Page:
HealthDay News — Waterpipe tobacco smoking (or hookah smoking) accounts for half of young adults’ tobacco smoke exposure, according to a study published online May 16 in Tobacco Control.
Brian A Primack, M.D., Ph.D., from the University of Pittsburgh, and colleagues compared toxicant load from waterpipe tobacco smoking and cigarette tobacco smoking among 3,254 young adults.
The researchers found that, compared with the additive estimates of waterpipe tobacco smoking and cigarette smoking combined, 54.9 percent of smoke volume was attributed to waterpipe tobacco smoking.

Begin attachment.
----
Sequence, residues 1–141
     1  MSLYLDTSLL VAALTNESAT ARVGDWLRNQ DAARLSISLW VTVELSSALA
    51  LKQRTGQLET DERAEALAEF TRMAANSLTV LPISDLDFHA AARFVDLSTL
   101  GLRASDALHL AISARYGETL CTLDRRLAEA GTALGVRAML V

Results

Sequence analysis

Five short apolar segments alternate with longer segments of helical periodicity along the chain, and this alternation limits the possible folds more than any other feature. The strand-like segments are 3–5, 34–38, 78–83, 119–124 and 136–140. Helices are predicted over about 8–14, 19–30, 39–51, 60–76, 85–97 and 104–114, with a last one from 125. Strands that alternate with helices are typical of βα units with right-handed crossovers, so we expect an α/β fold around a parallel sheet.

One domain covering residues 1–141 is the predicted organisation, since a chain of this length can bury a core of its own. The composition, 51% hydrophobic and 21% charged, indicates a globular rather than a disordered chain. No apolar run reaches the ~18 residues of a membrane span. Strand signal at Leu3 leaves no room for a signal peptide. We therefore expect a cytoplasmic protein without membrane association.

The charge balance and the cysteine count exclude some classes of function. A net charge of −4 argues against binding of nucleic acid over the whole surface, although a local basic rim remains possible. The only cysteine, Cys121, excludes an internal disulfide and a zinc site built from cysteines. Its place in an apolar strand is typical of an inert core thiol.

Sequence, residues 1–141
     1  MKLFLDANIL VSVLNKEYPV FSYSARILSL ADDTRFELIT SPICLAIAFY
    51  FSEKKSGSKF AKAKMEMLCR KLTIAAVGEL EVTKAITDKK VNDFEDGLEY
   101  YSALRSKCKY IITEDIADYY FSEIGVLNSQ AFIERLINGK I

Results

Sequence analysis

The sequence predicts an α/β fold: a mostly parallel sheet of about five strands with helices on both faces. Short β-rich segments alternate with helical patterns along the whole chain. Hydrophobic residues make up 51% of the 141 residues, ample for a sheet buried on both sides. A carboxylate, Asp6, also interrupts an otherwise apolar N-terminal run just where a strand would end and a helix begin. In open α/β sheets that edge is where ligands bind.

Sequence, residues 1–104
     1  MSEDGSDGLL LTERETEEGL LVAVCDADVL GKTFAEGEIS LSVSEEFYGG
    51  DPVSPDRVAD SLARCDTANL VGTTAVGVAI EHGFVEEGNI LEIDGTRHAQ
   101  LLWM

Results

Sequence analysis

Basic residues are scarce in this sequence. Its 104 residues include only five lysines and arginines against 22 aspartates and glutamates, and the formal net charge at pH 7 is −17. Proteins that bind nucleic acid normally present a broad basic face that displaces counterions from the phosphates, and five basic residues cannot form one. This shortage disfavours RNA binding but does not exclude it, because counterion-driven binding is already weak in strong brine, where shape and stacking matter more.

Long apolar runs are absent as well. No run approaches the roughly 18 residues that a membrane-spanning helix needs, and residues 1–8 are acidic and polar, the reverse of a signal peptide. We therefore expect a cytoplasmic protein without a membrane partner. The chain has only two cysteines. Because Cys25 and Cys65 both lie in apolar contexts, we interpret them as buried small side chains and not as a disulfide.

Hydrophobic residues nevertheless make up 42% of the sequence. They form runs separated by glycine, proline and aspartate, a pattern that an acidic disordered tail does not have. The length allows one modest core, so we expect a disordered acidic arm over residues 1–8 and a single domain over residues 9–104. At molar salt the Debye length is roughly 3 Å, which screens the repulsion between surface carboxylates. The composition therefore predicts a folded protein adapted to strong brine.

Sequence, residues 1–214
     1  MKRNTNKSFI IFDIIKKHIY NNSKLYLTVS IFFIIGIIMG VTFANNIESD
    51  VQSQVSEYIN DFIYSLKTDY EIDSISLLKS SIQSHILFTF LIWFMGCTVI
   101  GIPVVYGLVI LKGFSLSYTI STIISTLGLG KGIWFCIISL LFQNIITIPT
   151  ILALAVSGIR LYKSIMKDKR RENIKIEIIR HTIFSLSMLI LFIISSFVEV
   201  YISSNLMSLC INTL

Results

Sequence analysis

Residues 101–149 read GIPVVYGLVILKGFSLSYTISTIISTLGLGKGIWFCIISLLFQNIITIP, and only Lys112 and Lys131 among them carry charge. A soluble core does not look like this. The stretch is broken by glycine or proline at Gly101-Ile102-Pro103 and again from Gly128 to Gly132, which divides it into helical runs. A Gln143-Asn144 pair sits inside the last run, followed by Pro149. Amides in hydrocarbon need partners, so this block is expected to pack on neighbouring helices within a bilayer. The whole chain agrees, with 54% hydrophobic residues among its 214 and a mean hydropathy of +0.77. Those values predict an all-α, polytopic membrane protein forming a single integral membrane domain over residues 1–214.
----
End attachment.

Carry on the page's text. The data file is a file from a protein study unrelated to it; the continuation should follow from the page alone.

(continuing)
Just over 20 percent of tar was attributable to waterpipe tobacco smoking, as was 10.3 percent of carbon monoxide and 2.4 percent of nicotine.
“Waterpipe tobacco smoking accounted for over half of the tobacco smoke volume consumed among young U.S. adult waterpipe and cigarette smokers. Toxicant exposures to tar, carbon monoxide, and nicotine were lower, but still substantial, for waterpipe tobacco smoking alone compared with waterpipe tobacco smoking and cigarette smoking,” the authors write. “Public health and policy interventions to reduce harm from tobacco smoking in young U.S. adults should explicitly address WTS toxicant exposures.”